6. FOR THE INTREPID TRAVELER: ATLAS OBSCURA: AN EXPLORER'S GUIDE TO THE WORLD'S HIDDEN WONDERS, BY JOSHIA FOER, DYLAN THURAS, AND ELLA MORTON; $35

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An amusement park in a salt mine? Check. A tree so big it has its own pub? Check. A giant hole that's been spouting flames for 40 years? Check. This guidebook is a compendium of the world's strangest and most wonderful places, and it's guaranteed to inspire some serious wanderlust, especially in more adventurous travelers. For the complete experience, you can also get an awesome wall calendar featuring destinations from the book designed as vintage travel posters; there's a page-a-day desk calendar and explorers' journal too.

Find it: Amazon

7. FOR YOUR FRIEND WHO LOVES WEIRD HISTORY: THE PUBLIC DOMAIN REVIEW SELECTED ESSAYS; $20

The Public Domain Review is one of the premier online destination for fans of curious history. If you know someone who enjoys stories about weird medieval medicine treaties, ancient automata, deranged 18th century scientists, and other odd subjects well off the beaten historical path, look no further than this book of essays (the site's fourth).

Find It: The Public Domain Review

8. FOR PEOPLE WHO LOVE A GOOD MYSTERY: THE BIG BOOK OF ROGUES AND VILLAINS, EDITED BY OTTO PENZLER; $25

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At the heart of every good mystery is a (usually dastardly) perpetrator, whether it's a Count Dracula or a Jimmy Valentine. With this anthology, Edgar Award winner Otto Penzler has combed through 150 years of literary history to find 72 stories featuring the most famous and entertaining antiheroes authors have ever been able to dream up.

Find It: Amazon

9. FOR PEOPLE WHO KNOW WHAT THE BORSCHT BELT IS: JEWISH COMEDY: A SERIOUS HISTORY BY JEREMY DAUBER; $28.95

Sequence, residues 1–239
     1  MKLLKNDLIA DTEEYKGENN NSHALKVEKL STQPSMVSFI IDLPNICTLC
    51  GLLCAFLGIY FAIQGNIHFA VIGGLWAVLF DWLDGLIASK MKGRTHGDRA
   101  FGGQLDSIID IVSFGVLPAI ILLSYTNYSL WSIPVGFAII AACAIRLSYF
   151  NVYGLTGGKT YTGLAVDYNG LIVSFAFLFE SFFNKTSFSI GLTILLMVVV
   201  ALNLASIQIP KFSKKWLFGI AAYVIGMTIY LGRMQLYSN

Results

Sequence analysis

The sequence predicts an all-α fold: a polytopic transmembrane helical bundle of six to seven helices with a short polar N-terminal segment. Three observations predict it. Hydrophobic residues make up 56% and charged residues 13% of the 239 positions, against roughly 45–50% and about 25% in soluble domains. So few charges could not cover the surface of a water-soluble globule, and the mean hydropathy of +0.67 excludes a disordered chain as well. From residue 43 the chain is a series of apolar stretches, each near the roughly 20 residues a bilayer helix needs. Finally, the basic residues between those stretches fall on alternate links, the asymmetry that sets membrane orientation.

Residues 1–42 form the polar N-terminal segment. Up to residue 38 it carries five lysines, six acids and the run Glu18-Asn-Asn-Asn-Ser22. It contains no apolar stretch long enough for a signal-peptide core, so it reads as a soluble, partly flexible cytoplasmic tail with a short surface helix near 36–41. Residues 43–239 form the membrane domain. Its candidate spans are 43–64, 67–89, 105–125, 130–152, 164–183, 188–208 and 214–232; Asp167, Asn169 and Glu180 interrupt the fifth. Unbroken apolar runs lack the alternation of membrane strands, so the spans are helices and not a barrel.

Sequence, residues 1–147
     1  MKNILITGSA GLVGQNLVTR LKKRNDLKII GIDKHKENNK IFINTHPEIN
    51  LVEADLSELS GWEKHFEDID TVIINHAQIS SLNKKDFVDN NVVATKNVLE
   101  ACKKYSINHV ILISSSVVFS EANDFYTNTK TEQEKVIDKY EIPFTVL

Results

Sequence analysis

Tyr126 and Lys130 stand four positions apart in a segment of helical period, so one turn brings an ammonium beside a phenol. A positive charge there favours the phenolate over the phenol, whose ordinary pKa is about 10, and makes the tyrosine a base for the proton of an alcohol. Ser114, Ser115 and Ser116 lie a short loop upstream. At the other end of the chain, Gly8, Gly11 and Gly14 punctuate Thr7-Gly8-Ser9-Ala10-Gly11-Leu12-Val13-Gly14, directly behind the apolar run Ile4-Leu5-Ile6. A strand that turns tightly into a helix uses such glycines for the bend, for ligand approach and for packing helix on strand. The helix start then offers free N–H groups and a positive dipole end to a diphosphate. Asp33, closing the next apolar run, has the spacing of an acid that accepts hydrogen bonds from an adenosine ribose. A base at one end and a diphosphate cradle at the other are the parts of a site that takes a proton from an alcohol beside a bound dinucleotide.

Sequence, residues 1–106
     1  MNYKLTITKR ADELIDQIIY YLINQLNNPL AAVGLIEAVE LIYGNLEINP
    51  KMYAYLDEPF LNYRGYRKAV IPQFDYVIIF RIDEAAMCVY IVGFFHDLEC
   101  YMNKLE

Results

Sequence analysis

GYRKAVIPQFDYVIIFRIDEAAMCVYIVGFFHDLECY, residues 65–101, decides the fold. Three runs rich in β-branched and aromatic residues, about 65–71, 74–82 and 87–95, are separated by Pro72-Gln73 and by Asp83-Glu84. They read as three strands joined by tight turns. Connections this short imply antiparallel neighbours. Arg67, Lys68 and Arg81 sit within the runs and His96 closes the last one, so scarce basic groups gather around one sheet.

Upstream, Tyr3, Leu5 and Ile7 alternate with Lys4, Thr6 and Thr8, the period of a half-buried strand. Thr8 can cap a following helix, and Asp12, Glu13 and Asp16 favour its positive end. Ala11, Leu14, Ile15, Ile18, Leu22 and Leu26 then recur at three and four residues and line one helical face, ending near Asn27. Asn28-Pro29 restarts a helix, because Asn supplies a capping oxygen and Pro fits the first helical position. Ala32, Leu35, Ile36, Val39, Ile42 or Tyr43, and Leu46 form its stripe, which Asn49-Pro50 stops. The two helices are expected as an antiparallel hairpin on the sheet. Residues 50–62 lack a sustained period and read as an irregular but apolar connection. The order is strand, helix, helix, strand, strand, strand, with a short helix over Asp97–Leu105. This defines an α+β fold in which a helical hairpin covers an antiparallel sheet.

Jews and humor go together like challah and Manischewitz (after all, as my bubbie says, if you don't laugh, you'll cry). In this "serious history," Columbia professor Jeremy Dauber considers the origins of Jewish humor in Biblical times through its life on Twitter today; how it's reflected—and even influenced—Jewish history; the production of major archetypes like the Jewish mother; and the prominence of Jewish comedians like Sarah Silverman and Larry David. You don't have to be Jewish to love it, but it may help you understand the in-jokes.

Find It: Amazon

10. FOR YOUR FRIEND WHO LOVES DARK SHORT STORIES: HER BODY AND OTHER PARTIES, BY CARMEN MARIA MACHADO; $16

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Amazon

A story told in the form of Law & Order episode summaries. A strange plague that makes girls go invisible, as narrated by a mall worker. A recollection of romantic encounters with the last of humanity’s survivors. In this collection, Carmen Maria Machado fuses urban legends, dystopian tropes, and heavy helpings of sexuality to create a new kind of magical realism strangely appropriate to our era. The images will haunt you long after you put the book down, if you let them.

Find It: Amazon

11. FOR THE PERSON WHO LOVES BIG-DEAL LITERARY NOVELS AND ALSO ABRAHAM LINCOLN: LINCOLN IN THE BARDO, BY GEORGE SAUNDERS; $18

A meditation on sorrow and the Civil War populated by a rag-tag group of ghosts, Lincoln in the Bardo starts with the real-life death of 11-year-old Willie Lincoln, Abraham's son. In the book, Willie has entered the Bardo—a Tibetan Buddhist term for a transitional limbo—where there's a fierce struggle underway for his soul.

Find It: Amazon

12. FOR THE GENERALIST: A BOOK-OF-THE-MONTH SUBSCRIPTION; $45 FOR THREE MONTHS

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Book of the Month Club

Can’t decide what to get, but feeling generous? Give your friend who loves to read a new hardcover book of their choice every month. Literary fans who are short on time will love having someone else do the legwork to find the best new novels; plus, there’s early access to new releases. Prices vary depending on the length of the subscription, and there’s a deal right now where you can get a month free when you give a subscription as a gift.

Find It: Book of the Month